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Ten years ago, the City of Tacoma adopted strict new rules limiting the size and placement of billboards. Nothing bigger than 300 square feet. Nothing closer than 250 feet to a residential area, church or school, historic district, playground or park.

More than two-thirds of the city’s billboards didn’t conform, but nothing happened right away. The billboard industry, which lobbied hard to block the limits, was given 10 years to bring the signs into compliance or remove them.

The deadline is Aug. 1.

But it doesn’t appear anything will happen then, either. Clear Channel Outdoor – the sole owner of billboards under the city’s jurisdiction – is gearing up for a legal battle similar to those waged by billboard owners throughout the country.

The first indication came this week when the city received a response to a letter sent to a Clear Channel representative in Seattle earlier this month reminding him of the approaching deadline, and asking for a schedule by Friday of how the company intended to comply with the city’s ordinance.

Chris Artman, president of Clear Channel Outdoor Northwest, told The News Tribune on Thursday that his company wants to meet with Tacoma officials to work out a solution. “This isn’t something that needs to end up in litigation,” Artman said.

The same day, the city received a letter from a Clear Channel attorney stating that the city’s ordinance was unconstitutional and unenforceable. Even if it was enforceable, the company would be owed $50 million or $60 million to remove the signs, wrote Seattle attorney Paul Taylor.

“Clear Channel’s billboards in Tacoma are worth millions of dollars,” Taylor said. “Absent an agreed resolution, Clear Channel has no choice but to vigorously protect its interest. There will be protracted, expensive multi-year litigation.”

Tacoma’s tightening of the rules came partly in response to the sprouting of billboards on tribal property along Interstate 5 – which the city could do nothing about – as well as a 600-square-foot billboard erected at South Union Avenue and Center Street. Then-Mayor Brian Ebersole referred to the city’s billboards as ugly and obnoxious, and wanted to ban them.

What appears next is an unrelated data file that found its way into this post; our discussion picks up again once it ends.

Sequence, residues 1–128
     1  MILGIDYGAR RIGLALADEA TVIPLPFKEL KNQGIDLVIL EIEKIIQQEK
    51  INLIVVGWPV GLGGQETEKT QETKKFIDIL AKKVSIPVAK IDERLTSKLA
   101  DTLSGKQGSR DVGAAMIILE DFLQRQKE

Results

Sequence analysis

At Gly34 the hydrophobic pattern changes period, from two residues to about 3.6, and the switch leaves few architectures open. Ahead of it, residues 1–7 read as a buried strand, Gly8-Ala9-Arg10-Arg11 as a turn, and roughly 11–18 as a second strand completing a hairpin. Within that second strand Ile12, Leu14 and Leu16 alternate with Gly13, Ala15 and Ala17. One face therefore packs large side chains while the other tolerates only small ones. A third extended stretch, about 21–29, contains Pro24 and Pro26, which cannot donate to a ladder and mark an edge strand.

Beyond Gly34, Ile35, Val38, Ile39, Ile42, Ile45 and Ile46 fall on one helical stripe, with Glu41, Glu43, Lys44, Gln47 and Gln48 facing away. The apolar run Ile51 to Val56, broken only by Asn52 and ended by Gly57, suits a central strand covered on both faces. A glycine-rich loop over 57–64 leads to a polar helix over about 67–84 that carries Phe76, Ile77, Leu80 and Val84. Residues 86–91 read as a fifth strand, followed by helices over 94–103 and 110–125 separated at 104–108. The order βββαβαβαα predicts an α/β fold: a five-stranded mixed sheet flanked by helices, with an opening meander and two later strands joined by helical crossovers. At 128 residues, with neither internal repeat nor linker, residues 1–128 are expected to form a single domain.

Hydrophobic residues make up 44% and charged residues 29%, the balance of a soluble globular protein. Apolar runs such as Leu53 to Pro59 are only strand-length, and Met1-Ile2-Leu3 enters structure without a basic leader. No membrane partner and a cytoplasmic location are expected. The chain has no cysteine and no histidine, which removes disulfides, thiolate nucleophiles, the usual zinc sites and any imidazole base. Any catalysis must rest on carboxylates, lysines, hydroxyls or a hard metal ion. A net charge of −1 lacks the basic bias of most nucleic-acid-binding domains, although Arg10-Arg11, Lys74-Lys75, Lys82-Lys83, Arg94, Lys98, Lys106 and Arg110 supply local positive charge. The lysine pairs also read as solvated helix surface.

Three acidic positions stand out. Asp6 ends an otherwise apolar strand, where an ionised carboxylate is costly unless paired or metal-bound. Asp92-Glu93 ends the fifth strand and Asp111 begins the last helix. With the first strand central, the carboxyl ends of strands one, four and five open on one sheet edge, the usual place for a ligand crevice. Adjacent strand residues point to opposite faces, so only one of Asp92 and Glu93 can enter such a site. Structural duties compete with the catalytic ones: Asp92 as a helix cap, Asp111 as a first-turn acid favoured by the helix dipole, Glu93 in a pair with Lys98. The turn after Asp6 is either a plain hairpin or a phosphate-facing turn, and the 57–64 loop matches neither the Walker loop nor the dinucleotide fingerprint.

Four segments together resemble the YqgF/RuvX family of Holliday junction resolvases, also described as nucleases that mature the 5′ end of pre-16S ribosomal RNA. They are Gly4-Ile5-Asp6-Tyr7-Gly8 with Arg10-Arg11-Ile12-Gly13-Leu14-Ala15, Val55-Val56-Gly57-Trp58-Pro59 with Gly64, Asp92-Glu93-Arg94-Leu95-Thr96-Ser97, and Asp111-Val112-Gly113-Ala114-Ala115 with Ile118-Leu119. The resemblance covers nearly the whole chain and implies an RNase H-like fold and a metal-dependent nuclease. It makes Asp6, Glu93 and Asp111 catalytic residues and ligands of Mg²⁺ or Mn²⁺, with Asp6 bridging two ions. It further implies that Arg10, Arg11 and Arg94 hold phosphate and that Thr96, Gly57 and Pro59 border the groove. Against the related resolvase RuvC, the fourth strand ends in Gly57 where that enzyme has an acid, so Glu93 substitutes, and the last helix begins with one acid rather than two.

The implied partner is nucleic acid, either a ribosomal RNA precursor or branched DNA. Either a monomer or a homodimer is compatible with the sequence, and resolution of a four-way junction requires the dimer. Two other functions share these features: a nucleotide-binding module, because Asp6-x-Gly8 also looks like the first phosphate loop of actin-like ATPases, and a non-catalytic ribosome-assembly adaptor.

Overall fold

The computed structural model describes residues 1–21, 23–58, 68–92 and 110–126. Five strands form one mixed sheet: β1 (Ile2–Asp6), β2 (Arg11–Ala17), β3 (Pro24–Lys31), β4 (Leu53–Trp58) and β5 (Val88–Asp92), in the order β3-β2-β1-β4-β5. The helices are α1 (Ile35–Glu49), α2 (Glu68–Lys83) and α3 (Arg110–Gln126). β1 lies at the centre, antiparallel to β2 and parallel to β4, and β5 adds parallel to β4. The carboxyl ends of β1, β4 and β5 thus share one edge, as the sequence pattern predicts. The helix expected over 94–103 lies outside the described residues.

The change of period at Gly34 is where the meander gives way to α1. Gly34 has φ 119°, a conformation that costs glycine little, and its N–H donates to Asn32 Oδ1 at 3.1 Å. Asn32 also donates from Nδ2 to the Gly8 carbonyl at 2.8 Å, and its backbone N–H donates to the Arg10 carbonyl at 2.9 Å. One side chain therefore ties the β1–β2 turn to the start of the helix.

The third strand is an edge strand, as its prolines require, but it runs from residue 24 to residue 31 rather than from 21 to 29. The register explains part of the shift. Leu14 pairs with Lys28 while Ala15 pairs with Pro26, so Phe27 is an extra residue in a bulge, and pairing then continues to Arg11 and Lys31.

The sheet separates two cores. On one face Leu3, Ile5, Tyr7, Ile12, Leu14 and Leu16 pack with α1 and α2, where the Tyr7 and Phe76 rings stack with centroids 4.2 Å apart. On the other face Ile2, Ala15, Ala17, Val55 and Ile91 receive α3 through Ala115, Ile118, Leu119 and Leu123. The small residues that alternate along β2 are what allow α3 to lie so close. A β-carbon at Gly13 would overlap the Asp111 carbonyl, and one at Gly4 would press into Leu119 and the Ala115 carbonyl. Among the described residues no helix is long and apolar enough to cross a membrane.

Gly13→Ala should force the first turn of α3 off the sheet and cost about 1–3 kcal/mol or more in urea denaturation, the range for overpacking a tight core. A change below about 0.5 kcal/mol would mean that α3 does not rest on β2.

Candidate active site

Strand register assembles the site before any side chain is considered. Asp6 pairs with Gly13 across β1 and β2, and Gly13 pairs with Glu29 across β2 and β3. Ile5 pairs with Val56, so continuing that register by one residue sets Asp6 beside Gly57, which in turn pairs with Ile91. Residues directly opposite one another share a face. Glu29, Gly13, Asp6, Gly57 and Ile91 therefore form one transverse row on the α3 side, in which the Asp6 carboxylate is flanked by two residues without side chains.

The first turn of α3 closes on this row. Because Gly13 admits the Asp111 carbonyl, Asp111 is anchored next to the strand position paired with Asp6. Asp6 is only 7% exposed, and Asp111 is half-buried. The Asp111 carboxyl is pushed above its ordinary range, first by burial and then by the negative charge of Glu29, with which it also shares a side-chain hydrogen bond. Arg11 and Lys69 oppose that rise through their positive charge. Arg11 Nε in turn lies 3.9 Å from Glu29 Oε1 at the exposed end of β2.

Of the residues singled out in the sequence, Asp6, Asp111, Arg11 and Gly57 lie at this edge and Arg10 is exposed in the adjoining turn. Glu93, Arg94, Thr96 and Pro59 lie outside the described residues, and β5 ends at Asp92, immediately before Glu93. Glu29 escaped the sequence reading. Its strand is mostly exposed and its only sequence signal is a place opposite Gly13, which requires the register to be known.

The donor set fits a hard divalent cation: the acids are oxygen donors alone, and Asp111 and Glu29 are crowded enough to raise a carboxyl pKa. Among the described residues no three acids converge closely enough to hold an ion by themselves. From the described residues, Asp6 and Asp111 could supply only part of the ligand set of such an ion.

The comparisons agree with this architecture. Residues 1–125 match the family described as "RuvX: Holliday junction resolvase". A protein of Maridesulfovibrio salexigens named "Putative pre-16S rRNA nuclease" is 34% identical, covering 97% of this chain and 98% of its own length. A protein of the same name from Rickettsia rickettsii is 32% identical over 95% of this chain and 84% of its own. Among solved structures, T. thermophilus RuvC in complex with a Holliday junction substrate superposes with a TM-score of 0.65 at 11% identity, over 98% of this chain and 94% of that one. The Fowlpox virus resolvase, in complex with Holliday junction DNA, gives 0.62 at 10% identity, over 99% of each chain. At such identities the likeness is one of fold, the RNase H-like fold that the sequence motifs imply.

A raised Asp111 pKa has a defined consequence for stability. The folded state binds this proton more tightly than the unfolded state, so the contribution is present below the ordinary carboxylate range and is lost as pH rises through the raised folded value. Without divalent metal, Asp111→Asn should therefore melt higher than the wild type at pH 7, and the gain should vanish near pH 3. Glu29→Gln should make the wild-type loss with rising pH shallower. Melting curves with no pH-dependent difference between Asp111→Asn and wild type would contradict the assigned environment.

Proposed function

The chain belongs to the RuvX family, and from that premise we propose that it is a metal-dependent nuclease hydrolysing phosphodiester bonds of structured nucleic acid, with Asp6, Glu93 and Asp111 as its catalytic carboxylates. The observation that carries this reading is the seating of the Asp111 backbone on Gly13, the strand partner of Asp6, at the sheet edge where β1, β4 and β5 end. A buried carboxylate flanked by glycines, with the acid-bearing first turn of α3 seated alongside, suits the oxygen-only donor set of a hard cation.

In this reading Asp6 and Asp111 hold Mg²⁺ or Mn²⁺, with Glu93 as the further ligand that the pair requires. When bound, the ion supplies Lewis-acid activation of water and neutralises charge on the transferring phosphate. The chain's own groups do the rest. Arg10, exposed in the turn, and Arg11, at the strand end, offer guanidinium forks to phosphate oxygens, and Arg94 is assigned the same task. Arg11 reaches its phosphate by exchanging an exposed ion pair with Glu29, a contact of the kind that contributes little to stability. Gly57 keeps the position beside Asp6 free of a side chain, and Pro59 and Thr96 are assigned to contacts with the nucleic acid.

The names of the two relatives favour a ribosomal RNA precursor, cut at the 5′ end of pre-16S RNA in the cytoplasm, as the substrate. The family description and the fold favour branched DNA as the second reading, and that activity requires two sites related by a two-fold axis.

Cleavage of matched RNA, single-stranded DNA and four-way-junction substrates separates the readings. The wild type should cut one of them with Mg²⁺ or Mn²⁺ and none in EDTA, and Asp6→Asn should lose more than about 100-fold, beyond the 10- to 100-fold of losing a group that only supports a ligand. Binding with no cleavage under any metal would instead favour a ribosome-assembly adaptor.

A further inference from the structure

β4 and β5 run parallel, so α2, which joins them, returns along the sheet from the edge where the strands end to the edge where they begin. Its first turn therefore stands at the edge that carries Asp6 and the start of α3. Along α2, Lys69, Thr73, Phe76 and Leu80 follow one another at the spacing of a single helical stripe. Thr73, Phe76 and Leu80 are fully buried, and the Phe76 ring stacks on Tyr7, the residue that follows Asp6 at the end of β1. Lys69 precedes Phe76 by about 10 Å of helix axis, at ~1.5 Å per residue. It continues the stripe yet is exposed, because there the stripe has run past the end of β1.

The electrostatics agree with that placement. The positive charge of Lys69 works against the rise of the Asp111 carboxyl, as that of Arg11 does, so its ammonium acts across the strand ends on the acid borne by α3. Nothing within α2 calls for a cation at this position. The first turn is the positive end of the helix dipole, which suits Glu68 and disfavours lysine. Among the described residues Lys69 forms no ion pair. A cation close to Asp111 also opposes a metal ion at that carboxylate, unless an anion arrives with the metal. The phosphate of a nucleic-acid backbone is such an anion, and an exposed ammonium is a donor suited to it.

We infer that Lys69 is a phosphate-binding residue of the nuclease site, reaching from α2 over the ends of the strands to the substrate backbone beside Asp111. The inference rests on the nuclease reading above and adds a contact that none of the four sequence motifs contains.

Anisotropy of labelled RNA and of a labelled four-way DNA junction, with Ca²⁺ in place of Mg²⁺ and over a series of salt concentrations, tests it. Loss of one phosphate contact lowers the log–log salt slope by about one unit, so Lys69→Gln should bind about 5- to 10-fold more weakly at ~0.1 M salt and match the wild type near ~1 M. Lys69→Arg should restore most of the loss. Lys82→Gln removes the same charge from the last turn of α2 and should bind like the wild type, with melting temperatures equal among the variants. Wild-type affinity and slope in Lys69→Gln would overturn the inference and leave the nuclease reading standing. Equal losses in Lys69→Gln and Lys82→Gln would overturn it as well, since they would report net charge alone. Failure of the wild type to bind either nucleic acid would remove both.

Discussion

After facing intense lobbying from the billboard industry, the City Council approved the ordinance with a 10-year amortization period that officials said was intended to give billboard owners time to recoup their investments. The action, characterized at the time as the beginning of a slow death for billboards, was considered preferable to an outright ban, which a city planner said would require the city to compensate billboard owners and the land owners who lease to the billboard companies to the tune of $40 million to $60 million.

Since then, the City of Federal Way lost a court battle over its sign code when a business owner refused to comply at the end of an amortization period. Two lower courts sided with the business, saying that amortization period alone wasn’t sufficient compensation, and the city must either compensate the owner for the loss of his sign or allow it to remain. The city appealed to the state Supreme Court, which declined to hear the case.

In its letter to Clear Channel, Tacoma’s building official appears to concede that the city may need to compensate the company for the loss of some signs, namely those that fall under the state’s Scenic Vistas Act. City officials are still calculating how many they believe would fall under the law, but they think it’s in the neighborhood of 30 of the 193 nonconforming Clear Channel billboards.

Clear Channel’s attorney said the company has 83 billboards that are visible from a state highway and are subject to compensation under state law. He identified the highways as Interstate 5, and highways 16, 705, 7, 163 and 509.

The conservative value of those structures is between $12 million and $15 million, Taylor estimated. But the city would also have a constitutional obligation to compensate Clear Channel for the remainder of the company’s signs, which would bring the required payment up to the $50 million or $60 million range, he said.

In addition, the landlords who lease to Clear Channel would be entitled to compensation for lost rent, Taylor said, adding that he has reason to believe one or more landlords will be bringing a class action lawsuit against the city.

Billboard operators have become highly skilled at opposing regulations, often using the court system to delay enforcement of rules and drive up the cost to local governments, said Kevin Fry, president of Scenic America.

The Washington D.C.-based nonprofit organization opposes billboards and other so-called visual pollution. But Fry said Tacoma shouldn’t back down. Unless the city’s ordinance was badly written, the city will eventually prevail, he predicted.

William Brinton, a Jacksonville, Fla., attorney who serves on the board of directors of Scenic America, said billboard operators work from a predictable playbook.

“They have three tactics,” Brinton said. “One: Delay. Two: See the first tactic. Three: Delay.”

Local governments generally fare better when they take the fight to the industry, Brinton said. In some cases, it’s true that governments need to compensate billboard companies for taking down signs, Brinton said. But the amount of compensation isn’t specified, and local governments can try to reach a settlement that lets the billboard company keep the sign up for a period of time in lieu of cash.

“At the end of the day, it comes down to the spine of the elected officials and the skill of the lawyer,” Brinton said.

Councilman Tom Stenger signaled a willingness to take on the struggle by noting the city’s successful drive to ban minicasinos. “Why wouldn’t we beat the billboard industry?” he asked.

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